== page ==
Common Sense Advice And Uncommon Legal Results
  1. Home
  2.  | 
  3. Covid-19
  4.  | Returning Essential Workers to the Job After Potential Exposure to Covid-19

Returning Essential Workers to the Job After Potential Exposure to Covid-19

| Apr 20, 2020 | Covid-19 |

On April 8, 2020, the Centers for Disease Control implemented interim guidelines for permitting potentially-exposed employees to return to work, provided they remain asymptomatic and additional precautions are implemented to protect them and the community: https://www.cdc.gov/coronavirus/2019-ncov/community/critical-workers/implementing-safetypractices.html

What Is a “Potential Exposure?”

A “potential exposure” means being a household contact or having close contact within 6 feet of an individual with confirmed or suspected COVID-19. The timeframe for having contact with an individual includes the period of time of 48 hours before the individual became symptomatic.

What Should the Employer Do in This Situation?

The CDC recommends the following pre-shift and throughout the work shift:

Pre-Screen: Employers should measure the employee’s temperature and assess symptoms prior to them starting work. Ideally, temperature checks should happen before the individual enters the facility. See the EEOC’s current guidance which provides that an employer may take an employee’s temperature, but employers need to treat that as confidential medical information. https://www.eeoc.gov/facts/pandemic_flu.html#q7

Likewise, the DFEH has also issued guidance that an employer may measure employees’ body temperature for the limited purpose of evaluating the risk that employee’s presence poses to others in the workplace as a result of the COVID-19 pandemic; if employers plan to implement this, they should take employee temperatures in as private a manner as is practicable. https://www.dfeh.ca.gov/wp-content/uploads/sites/32/2020/03/DFEH-Employment-Information-on-COVID-19-FAQ_ENG.pdf

Regular Monitoring: As long as the employee does not have a temperature or symptoms, they should self-monitor under the supervision of your occupational health program.

Wear a Mask: The employee should wear a face mask at all times while in the workplace for 14 days after last exposure. Employers can issue face masks or can approve employees’ supplied cloth face coverings in the event of shortages. Note: If you are not able to provide masks and are instead having employees provide their own, you should reimburse for the masks.

Social Distance: The employee should maintain 6 feet and practice social distancing as work duties permit in the workplace. Disinfect and Clean Work Spaces: Clean and disinfect all areas such as offices, bathrooms, common areas, shared electronic equipment routinely.

Relevant to the above recommendations, Sacramento County is now requiring essential businesses to develop a Social Distancing Protocol that must explain how the business is achieving the following, as applicable (https://www.saccounty.net/COVID-19/Documents/Appendix%20A%20SDP%20Checklist%20Signs.pdf):

  • Limiting the number of people who can enter into the facility at any one time to ensure that people in the facility can easily maintain a minimum six-foot distance from one another at all times, except as required to complete the Essential Business activity;
  • Where lines may form at a facility, marking six-foot increments at a minimum, establishing where individuals should stand to maintain adequate social distancing;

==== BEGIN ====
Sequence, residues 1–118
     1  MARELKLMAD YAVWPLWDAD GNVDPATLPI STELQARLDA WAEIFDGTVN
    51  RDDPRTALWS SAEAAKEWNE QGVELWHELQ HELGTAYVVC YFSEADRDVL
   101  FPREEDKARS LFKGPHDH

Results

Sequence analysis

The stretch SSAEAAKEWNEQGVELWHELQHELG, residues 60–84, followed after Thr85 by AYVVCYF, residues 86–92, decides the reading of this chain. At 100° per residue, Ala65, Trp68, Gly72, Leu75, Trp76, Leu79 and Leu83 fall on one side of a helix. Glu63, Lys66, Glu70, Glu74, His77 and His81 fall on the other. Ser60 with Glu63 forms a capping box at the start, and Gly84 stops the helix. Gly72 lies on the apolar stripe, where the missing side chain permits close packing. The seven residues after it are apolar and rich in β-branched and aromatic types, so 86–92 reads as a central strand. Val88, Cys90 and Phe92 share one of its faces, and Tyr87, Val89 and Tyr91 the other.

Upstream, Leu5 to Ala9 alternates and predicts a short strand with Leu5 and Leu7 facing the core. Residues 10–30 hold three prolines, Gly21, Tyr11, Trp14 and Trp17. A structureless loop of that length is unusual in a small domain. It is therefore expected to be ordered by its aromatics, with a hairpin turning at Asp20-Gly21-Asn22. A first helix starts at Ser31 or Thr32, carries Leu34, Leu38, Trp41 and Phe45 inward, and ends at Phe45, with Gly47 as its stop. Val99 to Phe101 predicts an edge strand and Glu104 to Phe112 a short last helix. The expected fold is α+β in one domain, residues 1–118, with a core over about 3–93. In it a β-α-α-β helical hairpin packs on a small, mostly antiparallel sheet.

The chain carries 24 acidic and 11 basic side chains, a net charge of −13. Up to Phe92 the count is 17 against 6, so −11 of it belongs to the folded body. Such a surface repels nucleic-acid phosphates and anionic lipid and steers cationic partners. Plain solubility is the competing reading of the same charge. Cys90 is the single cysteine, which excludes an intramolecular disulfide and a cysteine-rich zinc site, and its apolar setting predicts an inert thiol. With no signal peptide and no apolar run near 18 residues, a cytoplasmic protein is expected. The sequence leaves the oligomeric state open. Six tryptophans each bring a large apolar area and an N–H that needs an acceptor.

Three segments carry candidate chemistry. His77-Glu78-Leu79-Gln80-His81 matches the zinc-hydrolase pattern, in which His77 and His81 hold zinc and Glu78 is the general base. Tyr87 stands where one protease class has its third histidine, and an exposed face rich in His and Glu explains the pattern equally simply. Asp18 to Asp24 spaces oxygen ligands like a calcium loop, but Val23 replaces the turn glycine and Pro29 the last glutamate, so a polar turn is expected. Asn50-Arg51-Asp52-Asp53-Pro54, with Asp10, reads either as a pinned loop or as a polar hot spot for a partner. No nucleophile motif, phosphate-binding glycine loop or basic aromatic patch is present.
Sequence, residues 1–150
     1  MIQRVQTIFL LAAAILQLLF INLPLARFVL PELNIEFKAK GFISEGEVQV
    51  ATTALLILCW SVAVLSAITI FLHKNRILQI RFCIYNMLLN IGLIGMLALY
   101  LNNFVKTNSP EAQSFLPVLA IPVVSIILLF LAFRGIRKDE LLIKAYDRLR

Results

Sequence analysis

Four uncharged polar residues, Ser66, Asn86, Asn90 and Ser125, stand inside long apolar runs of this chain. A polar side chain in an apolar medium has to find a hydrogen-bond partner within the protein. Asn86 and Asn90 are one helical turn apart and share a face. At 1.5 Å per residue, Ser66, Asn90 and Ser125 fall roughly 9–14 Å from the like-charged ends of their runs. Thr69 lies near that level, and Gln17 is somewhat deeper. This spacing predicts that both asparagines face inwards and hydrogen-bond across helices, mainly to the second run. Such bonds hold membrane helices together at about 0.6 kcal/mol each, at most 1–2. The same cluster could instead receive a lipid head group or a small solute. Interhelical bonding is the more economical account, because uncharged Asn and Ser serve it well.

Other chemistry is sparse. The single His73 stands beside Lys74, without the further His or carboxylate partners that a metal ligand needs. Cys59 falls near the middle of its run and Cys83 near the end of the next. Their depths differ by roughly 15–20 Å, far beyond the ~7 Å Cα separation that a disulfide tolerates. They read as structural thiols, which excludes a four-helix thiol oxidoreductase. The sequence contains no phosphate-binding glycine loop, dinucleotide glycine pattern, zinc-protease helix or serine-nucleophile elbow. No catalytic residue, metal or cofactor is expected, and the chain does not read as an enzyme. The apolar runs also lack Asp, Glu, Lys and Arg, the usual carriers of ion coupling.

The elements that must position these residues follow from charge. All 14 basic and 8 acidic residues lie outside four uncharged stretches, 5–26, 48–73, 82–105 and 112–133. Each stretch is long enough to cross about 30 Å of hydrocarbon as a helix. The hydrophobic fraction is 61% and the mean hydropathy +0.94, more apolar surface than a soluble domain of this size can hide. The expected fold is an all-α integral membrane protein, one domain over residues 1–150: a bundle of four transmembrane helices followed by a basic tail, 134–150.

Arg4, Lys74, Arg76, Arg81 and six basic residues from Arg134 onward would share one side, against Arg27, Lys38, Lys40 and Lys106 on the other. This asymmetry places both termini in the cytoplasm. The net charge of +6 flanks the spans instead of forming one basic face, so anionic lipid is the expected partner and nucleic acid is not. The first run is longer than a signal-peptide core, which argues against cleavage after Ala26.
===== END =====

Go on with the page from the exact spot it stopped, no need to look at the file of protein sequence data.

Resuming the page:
• Providing hand sanitizer, soap and water or effective disinfectant at or near the entrance of the facility and in other appropriate areas for use by the public and employees, and in locations where there is high-frequency employee interaction with members of the public (e.g. cashiers);
  • Providing for contactless payment systems or, if not feasible to do so, the providing for disinfecting all payment portals, pens and styluses after each use;
  • Regularly disinfecting other high-touch surfaces; and
  • Posting a sign at the entrance of the facility informing all employees and customers that they should: avoid entering the facility if they have a cough or fever; maintain a minimum six-foot distance from one another; sneeze and cough into one’s elbow; not shake hands or engage in any unnecessary physical contact.
  • Any additional social distancing measures being implemented – see the Centers for Disease Control and Prevention’s guidance at: https://www.cdc.gov/coronavirus/2019-ncov/community/guidance-business-response.html

What If My Employee Becomes Sick During Their Shift?

If the employee becomes sick during their shift, they should be sent home immediately. Surfaces in their workspace should be cleaned and disinfected. Information on persons who had contact with the ill employee during the time the employee had symptoms and 2 days prior to symptoms should be compiled. Others at the facility with close contact within 6 feet of the employee during this time would be considered exposed.

Best Practices for Temperature Checks:

  • Communicate with workers in advance regarding temperature checks and related implications (e.g., being sent home).
  • Set a temperature screening threshold over which employees will not be permitted to enter the workplace. The CDC considers a person to have a fever when they have a temperature of at least 100.4 degrees Fahrenheit; taking into consideration potential margin of error for temperature taking, you may want to institute a range (e.g., 100-100.4°F range)
  • If you can do so, try to use a thermometer that can register temperature without exposure to bodily fluids (e.g., no-contact thermometers). If you can’t get a no-contact thermometer, you need to ensure that you are fully disinfecting in-between uses.
  • As noted above, conduct the screening in a way that affords as much privacy to the individual as possible in order to comply with the EEOC and DFEH guidelines.